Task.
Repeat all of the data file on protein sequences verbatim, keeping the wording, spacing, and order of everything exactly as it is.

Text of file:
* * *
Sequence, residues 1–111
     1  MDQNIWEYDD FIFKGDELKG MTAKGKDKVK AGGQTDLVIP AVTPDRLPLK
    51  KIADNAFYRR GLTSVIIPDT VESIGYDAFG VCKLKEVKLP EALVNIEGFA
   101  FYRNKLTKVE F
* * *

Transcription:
Sequence, residues 1–111
     1  MDQNIWEYDD FIFKGDELKG MTAKGKDKVK AGGQTDLVIP AVTPDRLPLK
    51  KIADNAFYRR GLTSVIIPDT VESIGYDAFG VCKLKEVKLP EALVNIEGFA
   101  FYRNKLTKVE F